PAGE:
Type:
text; Dissertation-Reproduction (electronic)
Keywords:
Ethnobotany -- Arizona -- Ramsey Canyon.; Ethnobotany -- Arizona -- Canelo Hills.; Riparian plants.; Paleobotany -- Arizona -- Ramsey Canyon.; Paleobotany -- Arizona -- Canelo Hills.; Riparian ecology -- Arizona -- Ramsey Canyon.; Riparian ecology -- Arizona -- Canelo Hills.; Plant phenology -- Arizona -- Ramsey Canyon.; Plant phenology -- Arizona -- Canelo Hills.; Palynology -- Arizona -- Ramsey Canyon.; Palynology -- Arizona -- Canelo Hills.
Degree Name:
Ph.D.
Degree Level:
doctoral
Degree Program:
Ecology and Evolutionary Biology; Graduate College
Degree Grantor:
University of Arizona
Advisor:
Asdall, Willard Van

Full metadata record

DC FieldValue Language
dc.language.isoenen_US
dc.titleThe ethnobotany and phenology of plants in and adjacent to two riparian habitats in southeastern Arizona.en_US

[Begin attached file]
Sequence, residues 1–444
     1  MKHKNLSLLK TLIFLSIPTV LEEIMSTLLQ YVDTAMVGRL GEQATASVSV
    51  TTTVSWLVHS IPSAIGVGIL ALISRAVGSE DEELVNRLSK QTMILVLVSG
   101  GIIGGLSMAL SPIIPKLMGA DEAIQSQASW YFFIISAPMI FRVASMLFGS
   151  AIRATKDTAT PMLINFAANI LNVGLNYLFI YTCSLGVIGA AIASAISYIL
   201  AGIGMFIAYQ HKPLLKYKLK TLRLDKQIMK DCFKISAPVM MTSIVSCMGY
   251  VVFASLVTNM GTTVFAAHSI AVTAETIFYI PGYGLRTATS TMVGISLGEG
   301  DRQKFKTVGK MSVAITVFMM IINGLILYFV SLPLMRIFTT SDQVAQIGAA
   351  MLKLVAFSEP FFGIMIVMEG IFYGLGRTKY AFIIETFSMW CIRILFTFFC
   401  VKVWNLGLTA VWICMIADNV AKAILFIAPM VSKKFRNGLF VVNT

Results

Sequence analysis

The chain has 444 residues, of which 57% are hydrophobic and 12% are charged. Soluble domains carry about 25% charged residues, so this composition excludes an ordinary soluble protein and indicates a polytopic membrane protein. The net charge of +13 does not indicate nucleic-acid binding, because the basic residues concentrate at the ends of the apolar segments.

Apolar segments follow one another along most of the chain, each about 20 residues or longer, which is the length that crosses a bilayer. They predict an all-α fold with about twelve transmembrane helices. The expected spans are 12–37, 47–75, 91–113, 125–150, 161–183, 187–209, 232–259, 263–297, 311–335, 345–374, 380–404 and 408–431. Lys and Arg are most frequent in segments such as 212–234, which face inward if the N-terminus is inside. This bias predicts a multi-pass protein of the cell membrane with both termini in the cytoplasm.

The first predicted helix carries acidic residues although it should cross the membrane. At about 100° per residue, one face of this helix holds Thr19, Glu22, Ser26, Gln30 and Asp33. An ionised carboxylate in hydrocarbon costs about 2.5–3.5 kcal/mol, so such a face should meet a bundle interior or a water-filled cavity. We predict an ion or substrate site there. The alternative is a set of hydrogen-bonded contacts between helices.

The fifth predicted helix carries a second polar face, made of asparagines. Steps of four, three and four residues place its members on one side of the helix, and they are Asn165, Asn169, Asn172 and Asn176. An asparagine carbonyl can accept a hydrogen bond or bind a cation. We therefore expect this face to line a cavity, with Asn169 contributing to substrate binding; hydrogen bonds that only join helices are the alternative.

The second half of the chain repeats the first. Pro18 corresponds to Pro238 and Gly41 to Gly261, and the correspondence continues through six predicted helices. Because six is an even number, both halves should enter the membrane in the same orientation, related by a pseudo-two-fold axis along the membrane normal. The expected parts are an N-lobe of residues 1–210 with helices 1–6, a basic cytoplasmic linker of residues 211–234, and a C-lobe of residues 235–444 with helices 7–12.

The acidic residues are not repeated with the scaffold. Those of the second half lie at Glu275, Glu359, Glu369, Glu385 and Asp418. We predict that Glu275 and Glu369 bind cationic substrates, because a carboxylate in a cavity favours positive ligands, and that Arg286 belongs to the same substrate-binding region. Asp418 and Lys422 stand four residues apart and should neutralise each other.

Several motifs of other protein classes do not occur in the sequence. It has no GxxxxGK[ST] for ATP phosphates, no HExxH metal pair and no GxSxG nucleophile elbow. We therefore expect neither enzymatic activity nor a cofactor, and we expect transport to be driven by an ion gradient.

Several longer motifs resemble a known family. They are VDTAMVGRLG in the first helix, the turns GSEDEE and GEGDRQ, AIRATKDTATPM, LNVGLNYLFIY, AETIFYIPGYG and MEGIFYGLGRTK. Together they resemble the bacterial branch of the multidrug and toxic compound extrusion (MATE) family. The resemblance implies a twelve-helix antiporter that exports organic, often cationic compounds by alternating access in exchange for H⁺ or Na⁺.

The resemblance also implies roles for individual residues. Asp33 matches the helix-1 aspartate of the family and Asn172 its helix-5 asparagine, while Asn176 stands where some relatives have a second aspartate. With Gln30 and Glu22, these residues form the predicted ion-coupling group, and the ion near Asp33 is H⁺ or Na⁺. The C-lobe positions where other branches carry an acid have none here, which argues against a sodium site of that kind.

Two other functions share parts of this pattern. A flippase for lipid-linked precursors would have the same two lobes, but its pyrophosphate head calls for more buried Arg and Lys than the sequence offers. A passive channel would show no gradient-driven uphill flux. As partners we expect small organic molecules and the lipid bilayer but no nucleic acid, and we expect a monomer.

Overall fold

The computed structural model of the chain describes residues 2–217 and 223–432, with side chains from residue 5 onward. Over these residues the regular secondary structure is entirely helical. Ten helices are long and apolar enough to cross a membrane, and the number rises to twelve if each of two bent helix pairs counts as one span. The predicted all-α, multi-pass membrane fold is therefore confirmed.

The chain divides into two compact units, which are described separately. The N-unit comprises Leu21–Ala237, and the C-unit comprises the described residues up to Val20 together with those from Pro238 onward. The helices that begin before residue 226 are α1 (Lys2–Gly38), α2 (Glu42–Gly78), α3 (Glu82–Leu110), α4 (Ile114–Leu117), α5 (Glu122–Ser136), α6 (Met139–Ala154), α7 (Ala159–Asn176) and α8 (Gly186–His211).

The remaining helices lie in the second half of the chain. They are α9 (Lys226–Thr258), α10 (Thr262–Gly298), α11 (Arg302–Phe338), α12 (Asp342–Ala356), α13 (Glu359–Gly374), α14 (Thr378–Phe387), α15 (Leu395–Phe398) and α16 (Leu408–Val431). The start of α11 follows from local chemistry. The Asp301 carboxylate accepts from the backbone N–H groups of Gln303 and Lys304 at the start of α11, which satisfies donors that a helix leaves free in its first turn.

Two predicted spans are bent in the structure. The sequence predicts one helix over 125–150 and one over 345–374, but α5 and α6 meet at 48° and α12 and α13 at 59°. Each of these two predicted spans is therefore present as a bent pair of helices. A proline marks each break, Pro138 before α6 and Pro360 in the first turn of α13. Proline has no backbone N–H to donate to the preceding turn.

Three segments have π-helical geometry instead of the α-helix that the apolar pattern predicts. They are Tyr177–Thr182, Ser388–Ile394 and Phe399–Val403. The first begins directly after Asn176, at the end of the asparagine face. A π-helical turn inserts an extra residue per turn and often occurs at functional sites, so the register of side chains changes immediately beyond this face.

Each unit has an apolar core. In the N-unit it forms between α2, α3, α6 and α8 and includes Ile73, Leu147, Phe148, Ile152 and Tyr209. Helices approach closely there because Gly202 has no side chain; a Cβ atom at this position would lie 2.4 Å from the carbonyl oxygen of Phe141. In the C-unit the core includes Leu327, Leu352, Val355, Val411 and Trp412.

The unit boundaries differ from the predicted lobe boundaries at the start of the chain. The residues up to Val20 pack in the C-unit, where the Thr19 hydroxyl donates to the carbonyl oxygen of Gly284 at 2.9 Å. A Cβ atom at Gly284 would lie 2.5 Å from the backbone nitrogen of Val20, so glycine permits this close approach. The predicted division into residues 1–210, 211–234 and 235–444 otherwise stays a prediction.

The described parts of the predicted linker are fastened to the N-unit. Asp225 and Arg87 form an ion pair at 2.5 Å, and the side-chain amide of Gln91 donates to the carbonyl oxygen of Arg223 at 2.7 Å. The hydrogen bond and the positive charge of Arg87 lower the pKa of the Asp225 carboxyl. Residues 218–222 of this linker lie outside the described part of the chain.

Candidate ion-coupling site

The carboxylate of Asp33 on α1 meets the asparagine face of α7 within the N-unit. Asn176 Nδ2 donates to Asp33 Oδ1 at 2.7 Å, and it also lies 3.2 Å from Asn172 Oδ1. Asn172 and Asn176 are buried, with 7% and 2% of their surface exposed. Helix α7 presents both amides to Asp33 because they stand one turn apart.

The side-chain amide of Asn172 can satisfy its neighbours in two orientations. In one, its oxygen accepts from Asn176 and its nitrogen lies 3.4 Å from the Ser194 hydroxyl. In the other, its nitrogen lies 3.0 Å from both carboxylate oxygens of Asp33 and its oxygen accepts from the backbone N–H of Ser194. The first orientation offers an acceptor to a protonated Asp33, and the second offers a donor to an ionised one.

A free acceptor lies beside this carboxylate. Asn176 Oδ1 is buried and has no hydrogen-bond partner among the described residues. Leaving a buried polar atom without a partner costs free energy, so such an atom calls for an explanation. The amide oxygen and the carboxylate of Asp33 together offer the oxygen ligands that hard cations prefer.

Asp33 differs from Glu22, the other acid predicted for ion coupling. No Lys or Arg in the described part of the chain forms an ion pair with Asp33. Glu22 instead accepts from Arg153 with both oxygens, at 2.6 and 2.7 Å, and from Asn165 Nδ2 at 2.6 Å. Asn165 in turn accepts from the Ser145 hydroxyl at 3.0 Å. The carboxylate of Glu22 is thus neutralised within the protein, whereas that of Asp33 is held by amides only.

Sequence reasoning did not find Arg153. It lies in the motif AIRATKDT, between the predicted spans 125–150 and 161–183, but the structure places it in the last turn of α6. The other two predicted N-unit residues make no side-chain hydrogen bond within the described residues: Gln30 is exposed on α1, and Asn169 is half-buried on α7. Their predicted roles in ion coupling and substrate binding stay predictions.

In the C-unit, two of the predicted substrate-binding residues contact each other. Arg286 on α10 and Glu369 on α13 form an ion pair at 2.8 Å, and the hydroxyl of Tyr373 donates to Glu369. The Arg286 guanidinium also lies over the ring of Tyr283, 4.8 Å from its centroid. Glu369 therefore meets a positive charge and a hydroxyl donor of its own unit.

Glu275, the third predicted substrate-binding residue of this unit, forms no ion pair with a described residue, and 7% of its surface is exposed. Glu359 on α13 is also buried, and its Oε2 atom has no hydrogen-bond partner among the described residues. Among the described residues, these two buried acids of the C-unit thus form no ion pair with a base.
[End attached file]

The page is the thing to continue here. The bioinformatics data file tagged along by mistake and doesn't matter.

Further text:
dc.creatorAdams, Karen Rogers.en_US
dc.contributor.authorAdams, Karen Rogers.en_US
dc.date.issued1988en_US
dc.publisherThe University of Arizona.en_US
dc.rightsCopyright © is held by the author. Digital access to this material is made possible by the University Libraries, University of Arizona. Further transmission, reproduction or presentation (such as public display or performance) of protected items is prohibited except with permission of the author.en_US